What do you call a scaled orthogonal map?

What do you call a linear map of the form $$\alpha X$$, where $$\alpha\in\Bbb R$$ and $$X\in\mathrm O(V)$$ is an orthogonal map ($$V$$ being some linear space with inner product)? Are there established names, historical names, some naming attempts that haven't caught on?

• "Conformal" aka. "angle-preserving" feels rather close, but I believe these terms are more commonly used in the sense of "locally angle-preserving" (i.e. it is not implicitly understood to be linear). Also, $$\alpha=0$$ is explicitly allowed in my context, which is not quite angle-preserving.

• I first thought "homotheties" are what I am looking for, but these only capture the scaling part, not the rotation part.

• Roto-scaling or scale-rotation is apparently also already taken and is more general than what I need (see the comment by Carlo).

At the risk of letting this become too "opinion-based", let me also say that I am open for suggestions.

• Please let me know if this should be CommunityWiki or is even too opinion based for that! May 23 at 17:39
• Similarity transformation comes close. May 23 at 17:54
• I think "conformal" is the most commonly used term, and it's made clear that only linear transformations are being considered. May 23 at 18:05
• linear conformal ............... May 23 at 19:37
• In Italian I've heard the word "roto-omotetia" to denote the composition of a rotation and a homotethy (mostly in Euclidean affine geometry though). "Roto-homothety" returns a few results in English, too (and apparently not from Italian authors). May 23 at 22:32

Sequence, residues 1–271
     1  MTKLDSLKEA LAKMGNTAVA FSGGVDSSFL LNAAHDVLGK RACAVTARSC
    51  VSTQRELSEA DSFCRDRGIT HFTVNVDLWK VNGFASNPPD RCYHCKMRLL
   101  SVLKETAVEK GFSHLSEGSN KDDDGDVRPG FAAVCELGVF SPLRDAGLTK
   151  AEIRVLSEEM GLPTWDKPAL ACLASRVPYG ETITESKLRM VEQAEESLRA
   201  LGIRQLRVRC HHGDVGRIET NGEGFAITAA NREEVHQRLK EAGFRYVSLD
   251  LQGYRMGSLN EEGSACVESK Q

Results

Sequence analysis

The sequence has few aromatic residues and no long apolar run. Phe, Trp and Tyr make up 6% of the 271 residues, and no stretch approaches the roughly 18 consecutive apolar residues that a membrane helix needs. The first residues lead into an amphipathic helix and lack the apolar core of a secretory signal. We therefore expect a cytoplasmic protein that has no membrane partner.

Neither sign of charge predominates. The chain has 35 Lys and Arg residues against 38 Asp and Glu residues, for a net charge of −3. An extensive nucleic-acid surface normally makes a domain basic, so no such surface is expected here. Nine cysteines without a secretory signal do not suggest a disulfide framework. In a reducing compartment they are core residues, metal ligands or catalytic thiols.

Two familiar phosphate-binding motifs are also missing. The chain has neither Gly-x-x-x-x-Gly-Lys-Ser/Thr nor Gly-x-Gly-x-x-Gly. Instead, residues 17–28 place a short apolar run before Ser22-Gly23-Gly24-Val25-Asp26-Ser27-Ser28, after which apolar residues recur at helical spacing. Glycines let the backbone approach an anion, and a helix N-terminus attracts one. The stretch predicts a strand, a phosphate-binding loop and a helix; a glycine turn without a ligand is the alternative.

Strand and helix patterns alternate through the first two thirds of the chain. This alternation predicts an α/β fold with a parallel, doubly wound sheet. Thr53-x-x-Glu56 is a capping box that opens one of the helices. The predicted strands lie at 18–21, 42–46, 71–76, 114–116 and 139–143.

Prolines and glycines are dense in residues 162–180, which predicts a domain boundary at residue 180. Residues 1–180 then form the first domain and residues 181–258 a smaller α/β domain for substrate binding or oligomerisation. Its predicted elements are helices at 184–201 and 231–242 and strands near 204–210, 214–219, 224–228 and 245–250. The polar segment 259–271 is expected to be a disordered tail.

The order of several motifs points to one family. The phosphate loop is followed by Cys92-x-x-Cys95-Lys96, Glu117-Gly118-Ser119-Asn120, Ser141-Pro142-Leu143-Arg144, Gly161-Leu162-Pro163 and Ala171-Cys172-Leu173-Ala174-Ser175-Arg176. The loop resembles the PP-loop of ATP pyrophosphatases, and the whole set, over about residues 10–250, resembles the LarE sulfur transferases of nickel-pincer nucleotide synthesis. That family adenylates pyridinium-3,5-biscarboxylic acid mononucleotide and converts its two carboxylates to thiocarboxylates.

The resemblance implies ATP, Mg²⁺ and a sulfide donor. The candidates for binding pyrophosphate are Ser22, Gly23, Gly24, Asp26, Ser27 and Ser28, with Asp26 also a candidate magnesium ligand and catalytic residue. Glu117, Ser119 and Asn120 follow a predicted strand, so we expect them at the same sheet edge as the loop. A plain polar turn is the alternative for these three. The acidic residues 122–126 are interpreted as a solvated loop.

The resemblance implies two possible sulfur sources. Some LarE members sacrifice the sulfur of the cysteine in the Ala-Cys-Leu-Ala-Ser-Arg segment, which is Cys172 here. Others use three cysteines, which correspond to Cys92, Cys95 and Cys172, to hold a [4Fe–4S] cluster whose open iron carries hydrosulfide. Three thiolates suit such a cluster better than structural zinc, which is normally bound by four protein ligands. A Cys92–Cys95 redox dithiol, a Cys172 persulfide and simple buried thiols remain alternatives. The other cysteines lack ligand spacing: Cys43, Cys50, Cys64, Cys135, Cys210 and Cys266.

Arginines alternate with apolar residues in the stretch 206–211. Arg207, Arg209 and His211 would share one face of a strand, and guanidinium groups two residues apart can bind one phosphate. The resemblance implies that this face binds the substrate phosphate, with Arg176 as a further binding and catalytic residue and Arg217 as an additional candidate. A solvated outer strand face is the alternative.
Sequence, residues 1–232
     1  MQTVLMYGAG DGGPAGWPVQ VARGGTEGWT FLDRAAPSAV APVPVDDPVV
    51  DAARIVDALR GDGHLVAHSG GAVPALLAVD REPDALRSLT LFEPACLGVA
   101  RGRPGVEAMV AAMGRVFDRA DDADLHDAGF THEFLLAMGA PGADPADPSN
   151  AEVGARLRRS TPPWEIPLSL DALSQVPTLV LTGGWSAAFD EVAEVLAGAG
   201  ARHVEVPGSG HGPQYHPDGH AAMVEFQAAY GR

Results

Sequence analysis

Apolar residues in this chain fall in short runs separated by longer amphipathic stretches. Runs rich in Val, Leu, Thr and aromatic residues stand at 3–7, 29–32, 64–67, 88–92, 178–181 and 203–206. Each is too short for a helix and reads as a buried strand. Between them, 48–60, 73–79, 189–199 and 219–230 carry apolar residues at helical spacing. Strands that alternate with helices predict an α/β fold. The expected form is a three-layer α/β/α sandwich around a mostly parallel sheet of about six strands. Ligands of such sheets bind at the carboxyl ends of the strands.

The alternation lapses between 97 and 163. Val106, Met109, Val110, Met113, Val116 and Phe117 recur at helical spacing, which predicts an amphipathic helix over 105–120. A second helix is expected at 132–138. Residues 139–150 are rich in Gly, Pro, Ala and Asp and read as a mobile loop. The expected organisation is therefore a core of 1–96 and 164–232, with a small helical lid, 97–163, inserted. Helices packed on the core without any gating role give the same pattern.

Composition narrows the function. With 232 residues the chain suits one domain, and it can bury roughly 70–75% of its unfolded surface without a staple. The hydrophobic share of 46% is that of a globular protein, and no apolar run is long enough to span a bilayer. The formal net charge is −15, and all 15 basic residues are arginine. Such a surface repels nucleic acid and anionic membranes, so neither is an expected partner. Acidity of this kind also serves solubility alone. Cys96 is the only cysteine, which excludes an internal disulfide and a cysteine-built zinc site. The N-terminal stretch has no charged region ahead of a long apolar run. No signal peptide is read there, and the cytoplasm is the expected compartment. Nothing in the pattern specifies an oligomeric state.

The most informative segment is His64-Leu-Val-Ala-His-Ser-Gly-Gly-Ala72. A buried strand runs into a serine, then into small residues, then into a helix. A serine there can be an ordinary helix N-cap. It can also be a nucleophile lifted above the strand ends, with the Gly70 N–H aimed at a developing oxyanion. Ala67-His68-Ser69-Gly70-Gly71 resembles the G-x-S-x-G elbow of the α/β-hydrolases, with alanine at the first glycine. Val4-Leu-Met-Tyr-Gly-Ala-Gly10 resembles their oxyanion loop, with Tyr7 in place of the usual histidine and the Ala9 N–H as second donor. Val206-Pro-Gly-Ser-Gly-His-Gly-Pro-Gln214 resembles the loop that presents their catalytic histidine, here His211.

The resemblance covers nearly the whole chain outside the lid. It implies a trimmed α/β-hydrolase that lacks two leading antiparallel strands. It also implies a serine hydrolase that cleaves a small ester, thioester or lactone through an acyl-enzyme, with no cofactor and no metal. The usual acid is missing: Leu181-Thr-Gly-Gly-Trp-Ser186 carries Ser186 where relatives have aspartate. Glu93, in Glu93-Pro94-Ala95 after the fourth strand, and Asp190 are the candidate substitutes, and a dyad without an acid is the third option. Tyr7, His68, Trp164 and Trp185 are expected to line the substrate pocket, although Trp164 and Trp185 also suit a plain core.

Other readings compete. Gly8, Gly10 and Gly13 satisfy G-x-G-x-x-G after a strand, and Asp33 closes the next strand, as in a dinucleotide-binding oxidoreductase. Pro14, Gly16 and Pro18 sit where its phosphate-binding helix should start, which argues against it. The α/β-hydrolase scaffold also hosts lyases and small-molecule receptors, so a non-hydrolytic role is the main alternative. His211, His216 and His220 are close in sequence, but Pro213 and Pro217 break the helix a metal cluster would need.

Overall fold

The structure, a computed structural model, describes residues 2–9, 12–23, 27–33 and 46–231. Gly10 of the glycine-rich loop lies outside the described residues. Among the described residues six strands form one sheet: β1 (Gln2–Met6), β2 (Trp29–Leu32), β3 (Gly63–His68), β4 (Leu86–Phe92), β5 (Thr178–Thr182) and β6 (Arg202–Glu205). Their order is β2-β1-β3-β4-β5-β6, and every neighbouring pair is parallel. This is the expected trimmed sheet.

Wikipedia suggests "conformal orthogonal group" for the group of all such maps; see the articles

The same term is used in Magma handbook:

http://magma.maths.usyd.edu.au/magma/handbook/text/317

and in quite a few other reputable places, e.g.

https://people.maths.bris.ac.uk/~matyd/GroupNames/linear.html

so it appear that "conformal orthogonal transformation" is, even if slightly tautological when taken literally, the way to go.

"Orthogonal similitude" would be consistent with a very-common use of "symplectic similitude" (in automorphic forms and repn theory) for $$g\in GL_n$$ such that $$g^\top J g=\nu(g)\cdot J$$ for skew-symmetric matrix $$J$$.

And $$GSp(J)$$ is the "symplectic similitude group", and $$GO(S)$$ (with $$S$$ the non-degenerate quadratic form) is the orthogonal similitude group...